IN THE entry about children and the night sky, Alan writes:
My father and I were not close, but the stars brought us together for a brief but wonderful time in our lives. When I was 13, he gave me a small telescope. A year later, he and I built a wooden carrying case for it. We stood in our backyard on many nights in 1964 watching the Echo II satellite, a tiny point of light that moved slowly and silently among the stars. We taught ourselves to identify the planets Venus and Jupiter; the summer triangle and Northern Cross in summer; Orion and the Pleiades in winter; and the stars Vega, Deneb, Altair, Capella, Arcturus, Antares, and Sirius. They have been “landmarks”in the sky, century after century, and are landmarks also in my memories of my father.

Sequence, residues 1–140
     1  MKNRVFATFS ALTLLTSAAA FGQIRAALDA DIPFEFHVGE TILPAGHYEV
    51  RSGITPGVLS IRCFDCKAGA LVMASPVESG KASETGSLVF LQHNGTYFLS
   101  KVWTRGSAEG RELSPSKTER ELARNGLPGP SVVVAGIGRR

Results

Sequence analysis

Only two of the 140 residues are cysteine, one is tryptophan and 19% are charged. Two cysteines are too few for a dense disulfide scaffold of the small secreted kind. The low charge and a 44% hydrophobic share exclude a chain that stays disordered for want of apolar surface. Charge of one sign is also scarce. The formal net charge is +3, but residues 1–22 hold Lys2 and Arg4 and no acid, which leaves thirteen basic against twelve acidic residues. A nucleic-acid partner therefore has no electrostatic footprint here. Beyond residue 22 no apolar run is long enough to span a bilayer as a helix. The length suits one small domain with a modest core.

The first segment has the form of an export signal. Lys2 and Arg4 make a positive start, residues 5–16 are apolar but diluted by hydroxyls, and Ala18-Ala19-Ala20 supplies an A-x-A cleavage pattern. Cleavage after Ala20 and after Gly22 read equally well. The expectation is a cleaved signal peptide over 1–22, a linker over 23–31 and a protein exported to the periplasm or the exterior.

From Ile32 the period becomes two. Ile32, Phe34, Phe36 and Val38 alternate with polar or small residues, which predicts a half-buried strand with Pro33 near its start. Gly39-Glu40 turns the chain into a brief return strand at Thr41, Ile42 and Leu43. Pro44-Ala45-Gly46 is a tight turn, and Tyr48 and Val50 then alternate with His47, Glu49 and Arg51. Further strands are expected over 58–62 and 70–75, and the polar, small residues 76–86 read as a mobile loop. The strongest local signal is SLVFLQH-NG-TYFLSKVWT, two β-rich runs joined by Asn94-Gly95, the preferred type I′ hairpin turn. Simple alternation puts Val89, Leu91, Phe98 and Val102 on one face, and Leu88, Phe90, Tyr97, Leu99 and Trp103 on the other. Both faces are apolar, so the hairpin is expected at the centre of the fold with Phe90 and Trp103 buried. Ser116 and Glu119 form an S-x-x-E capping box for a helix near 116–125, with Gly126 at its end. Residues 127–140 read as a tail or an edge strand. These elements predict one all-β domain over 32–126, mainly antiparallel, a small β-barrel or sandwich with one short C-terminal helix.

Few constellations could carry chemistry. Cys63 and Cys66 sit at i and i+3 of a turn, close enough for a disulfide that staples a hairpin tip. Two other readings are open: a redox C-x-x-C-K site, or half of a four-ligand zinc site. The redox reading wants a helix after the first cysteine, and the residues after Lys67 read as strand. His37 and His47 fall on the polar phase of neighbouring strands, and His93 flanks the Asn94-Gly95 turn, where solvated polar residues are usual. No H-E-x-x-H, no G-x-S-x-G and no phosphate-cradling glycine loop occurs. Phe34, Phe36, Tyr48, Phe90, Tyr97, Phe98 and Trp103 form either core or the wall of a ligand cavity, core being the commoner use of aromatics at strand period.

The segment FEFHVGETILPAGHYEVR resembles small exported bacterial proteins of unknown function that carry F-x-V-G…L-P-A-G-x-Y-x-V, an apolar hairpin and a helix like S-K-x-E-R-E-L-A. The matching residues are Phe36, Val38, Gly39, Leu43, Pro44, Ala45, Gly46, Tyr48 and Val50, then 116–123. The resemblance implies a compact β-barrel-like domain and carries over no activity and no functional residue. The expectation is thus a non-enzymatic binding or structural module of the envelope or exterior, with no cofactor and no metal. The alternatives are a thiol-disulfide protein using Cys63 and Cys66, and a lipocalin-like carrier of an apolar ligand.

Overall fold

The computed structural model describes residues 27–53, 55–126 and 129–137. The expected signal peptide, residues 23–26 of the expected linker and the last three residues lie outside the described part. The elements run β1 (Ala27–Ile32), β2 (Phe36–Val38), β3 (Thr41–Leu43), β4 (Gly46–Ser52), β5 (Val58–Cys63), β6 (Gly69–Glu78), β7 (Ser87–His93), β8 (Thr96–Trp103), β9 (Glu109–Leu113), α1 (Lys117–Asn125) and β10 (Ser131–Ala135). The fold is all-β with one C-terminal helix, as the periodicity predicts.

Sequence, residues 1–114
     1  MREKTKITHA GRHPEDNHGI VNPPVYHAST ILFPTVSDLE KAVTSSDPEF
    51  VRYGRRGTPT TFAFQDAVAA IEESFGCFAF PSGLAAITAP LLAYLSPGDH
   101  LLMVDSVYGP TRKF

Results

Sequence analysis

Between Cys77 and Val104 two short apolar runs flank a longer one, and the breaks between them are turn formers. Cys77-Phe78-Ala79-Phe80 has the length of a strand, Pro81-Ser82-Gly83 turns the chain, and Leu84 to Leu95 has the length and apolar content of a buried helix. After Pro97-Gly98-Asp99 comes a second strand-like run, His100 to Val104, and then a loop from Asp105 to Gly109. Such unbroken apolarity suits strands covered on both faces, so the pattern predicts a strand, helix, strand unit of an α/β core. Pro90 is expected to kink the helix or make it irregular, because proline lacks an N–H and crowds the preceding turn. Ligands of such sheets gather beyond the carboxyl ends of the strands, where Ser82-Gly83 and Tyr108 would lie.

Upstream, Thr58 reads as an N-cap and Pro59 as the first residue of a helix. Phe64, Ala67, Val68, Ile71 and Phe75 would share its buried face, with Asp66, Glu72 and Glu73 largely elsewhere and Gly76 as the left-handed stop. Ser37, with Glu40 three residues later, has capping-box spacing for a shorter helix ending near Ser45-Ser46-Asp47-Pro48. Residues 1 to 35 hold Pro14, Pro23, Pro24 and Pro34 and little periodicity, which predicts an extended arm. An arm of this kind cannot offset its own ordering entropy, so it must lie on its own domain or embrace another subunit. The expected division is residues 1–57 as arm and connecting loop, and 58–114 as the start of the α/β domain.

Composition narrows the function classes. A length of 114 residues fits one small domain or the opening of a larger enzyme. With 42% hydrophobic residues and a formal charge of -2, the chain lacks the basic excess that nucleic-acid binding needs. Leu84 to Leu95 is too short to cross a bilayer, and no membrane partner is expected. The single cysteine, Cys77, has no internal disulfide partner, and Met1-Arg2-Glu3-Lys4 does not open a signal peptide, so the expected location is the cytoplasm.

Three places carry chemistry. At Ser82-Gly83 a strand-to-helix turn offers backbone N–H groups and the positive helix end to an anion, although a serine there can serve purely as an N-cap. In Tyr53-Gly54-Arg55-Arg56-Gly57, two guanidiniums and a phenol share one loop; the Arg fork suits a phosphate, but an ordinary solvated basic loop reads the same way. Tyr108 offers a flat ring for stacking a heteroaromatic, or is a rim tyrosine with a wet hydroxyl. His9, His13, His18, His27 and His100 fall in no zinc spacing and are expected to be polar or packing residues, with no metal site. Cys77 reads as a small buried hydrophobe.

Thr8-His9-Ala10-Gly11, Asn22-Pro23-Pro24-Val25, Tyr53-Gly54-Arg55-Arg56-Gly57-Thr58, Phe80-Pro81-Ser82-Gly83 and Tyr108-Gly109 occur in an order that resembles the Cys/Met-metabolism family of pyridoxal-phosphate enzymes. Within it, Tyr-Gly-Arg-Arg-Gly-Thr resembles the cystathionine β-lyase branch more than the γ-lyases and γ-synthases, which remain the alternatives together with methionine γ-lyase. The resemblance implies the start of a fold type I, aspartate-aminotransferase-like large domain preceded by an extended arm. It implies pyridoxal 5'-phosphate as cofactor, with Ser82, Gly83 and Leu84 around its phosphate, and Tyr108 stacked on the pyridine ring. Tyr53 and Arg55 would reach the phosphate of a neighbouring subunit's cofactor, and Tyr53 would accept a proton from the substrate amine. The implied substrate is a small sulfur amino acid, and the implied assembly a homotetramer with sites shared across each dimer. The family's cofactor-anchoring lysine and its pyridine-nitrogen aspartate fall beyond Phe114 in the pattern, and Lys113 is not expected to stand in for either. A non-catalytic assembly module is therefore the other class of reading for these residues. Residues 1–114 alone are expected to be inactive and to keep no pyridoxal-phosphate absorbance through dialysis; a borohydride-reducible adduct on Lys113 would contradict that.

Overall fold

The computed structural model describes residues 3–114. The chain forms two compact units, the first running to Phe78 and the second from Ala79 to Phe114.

As The Drifters sang in their 1962 hit record “Up On The Roof”: “At night, the stars put on a show for free….”
Or as Emerson worded it: “If the stars should appear one night in a thousand years, how would men believe and adore; and preserve for many generations the remembrance of the city of God which had been shown! But every night come out these envoys of beauty, and light the universe with their admonishing smile.”